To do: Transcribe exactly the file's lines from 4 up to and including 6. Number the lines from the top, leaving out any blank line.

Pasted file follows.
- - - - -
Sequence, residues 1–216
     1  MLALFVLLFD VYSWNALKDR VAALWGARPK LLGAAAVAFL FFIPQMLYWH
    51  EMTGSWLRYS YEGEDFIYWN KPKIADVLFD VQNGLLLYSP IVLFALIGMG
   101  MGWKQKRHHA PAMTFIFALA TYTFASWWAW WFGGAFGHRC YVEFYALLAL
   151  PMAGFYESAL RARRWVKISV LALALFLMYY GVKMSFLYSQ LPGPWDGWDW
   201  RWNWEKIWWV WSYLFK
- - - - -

   101  MGWKQKRHHA PAMTFIFALA TYTFASWWAW WFGGAFGHRC YVEFYALLAL
   151  PMAGFYESAL RARRWVKISV LALALFLMYY GVKMSFLYSQ LPGPWDGWDW
   201  RWNWEKIWWV WSYLFK